My Lords, I do not believe that it is very productive to start pointing fingers. However, they are both big countries and not exactly our friends in the past.

Lord Taylor of Gryfe

My Lords, did I hear the Minister aright in saying that it was not realistic to ban the export of these devilish devices? Would she expand on why it is unrealistic for this country to give that kind of moral leadership in banning these mines?

Baroness Chalker of Wallasey

My Lords, the noble Lord will recall that a number of international borders have been policed by having mines. I think particularly of the border between Finland and Russia, but those mines have been fenced and their placement is known. As I said, a total ban is unrealistic at the present time. Of course, the practical approach is to get the broadest possible international agreement, with effective measures that will reduce the dangers to civilians. That includes measures to restrict those long-lived dumb mines which are the most dangerous to civilians and which are still being planted, as the noble Lord, Lord Judd, said in his supplementary question.

Lord Dubs

My Lords, is the Minister aware that a great deal of what she has said will bring much comfort and will be widely approved by those who take a stand against such awful weapons? However, is she aware that her continued reference to self-destruct mines weakens the case of the Government against achieving an outright ban? Does she not agree that if she says that self-destruct mines are okay and that non-self-destruct mines are not, that opens the door to a continuing trade in such mines throughout the world because non-self-destruct mines are cheaper and there is therefore every encouragement for governments who wish to use such weapons to continue to buy those mines? Will the Minister reconsider the matter and move forward towards achieving a total ban on all anti-personnel land-mines?

Baroness Chalker of Wallasey

My Lords, I know that a total ban is attractive, but if we hold out indefinitely for a total ban on all land-mines we will not be taking the preventive action that we could take in the shorter term. We have reviewed all the difficulties of getting international agreement. I know that it would be marvellous for Britain (or any other country) to take unilateral, virtuous and responsible decisions—it might make Members of the Opposition as well as the Government feel better—but it would have little practical effect. Our fundamental priorities are totally unchanged. We want a much strengthened Protocol II with tight technical and other restrictions which will reduce the dangers to civilians from the indiscriminate use of land-mines while still permitting the legitimate use in defence terms of self-destruct mines under tightly controlled circumstances.

Lord Richard

My Lords, is Britain still exporting such weapons?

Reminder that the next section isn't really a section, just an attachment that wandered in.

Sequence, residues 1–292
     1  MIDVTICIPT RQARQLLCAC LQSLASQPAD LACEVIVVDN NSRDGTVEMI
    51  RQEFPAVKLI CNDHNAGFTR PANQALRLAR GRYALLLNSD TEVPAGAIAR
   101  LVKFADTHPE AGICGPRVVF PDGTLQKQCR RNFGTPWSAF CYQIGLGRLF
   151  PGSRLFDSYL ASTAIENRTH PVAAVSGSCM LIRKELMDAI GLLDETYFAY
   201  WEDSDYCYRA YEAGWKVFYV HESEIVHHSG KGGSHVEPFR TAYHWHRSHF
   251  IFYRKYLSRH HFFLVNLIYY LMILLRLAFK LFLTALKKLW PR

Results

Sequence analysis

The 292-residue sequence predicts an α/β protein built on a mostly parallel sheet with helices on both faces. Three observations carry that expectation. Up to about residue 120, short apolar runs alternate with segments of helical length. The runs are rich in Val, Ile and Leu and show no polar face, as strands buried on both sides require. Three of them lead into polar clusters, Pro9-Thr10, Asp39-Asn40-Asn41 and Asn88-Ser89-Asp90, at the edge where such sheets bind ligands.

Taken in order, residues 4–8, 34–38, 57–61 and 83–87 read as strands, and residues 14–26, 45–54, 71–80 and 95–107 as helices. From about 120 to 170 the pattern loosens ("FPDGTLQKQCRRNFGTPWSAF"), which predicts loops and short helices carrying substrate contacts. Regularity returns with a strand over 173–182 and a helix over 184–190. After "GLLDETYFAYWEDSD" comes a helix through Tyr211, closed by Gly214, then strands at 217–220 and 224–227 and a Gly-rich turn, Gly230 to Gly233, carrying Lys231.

Baroness Chalker of Wallasey

My Lords, the noble Lord must have been occupied with another subject when I said that we have not exported such weapons for more than 10 years.

Lord Ewing of Kirkford

My Lords, is the Minister aware that I have been listening with absolute awe and admiration to the way in which she is determined to have land-mines banned in all countries? Is it her intention to bring the same determination to bear on the French Government to stop their nuclear testing?

Baroness Chalker of Wallasey

My Lords, that has absolutely nothing to do with land-mines. However, I am delighted to say that we were supported by the French in our discussions over an 11-week period.

Lord Mackie of Benshie

My Lords, I think that the Minister said that £6 million is now being spent on research into the control and destruction of such mines which represent a worldwide problem. Does she think that that is enough?

Baroness Chalker of Wallasey

My Lords, it is not a question of how much money is spent; it is a question of the application of that money to the continuing worldwide manufacture of such mines although many countries, like us, no longer export them. It is a question of targeting and of making sure that the technology is appropriately addressed.

Viscount Waverley

My Lords, does the Minister know why the countries she mentioned earlier did not attend the review conference? Was it through lack of funds?

Baroness Chalker of Wallasey

My Lords, I am quite certain that if they had wanted to attend, they would have known my phone number and rung up.

Lord Judd

My Lords, taking into account what the Minister said about the lack of urgency at the conference, does she agree that it might be a good idea to reconvene the conference in Cambodia or a similar country so that the participants are forced to face the reality? In view of the Minister's undoubted commitment to this issue, will she reassure the House about the purpose of the top-level conference which is planned at Shrivenham next month at which delivery systems are to be discussed? Can the Minister assure the House that that will in no way either directly or indirectly accentuate the nightmare with which we are concerned this afternoon?

Baroness Chalker of Wallasey

My Lords, on the noble Lord's last question about the Shrivenham conference, I shall make inquiries. I cannot give him any direct answer at the moment. In view of the noble Lord's suggestion that we might ask for such a conference to be hosted by one of the countries still beset by the horrors of mines, it is a thought, but I think that we might see better attendance in a rather more centrally placed country with better airline contacts.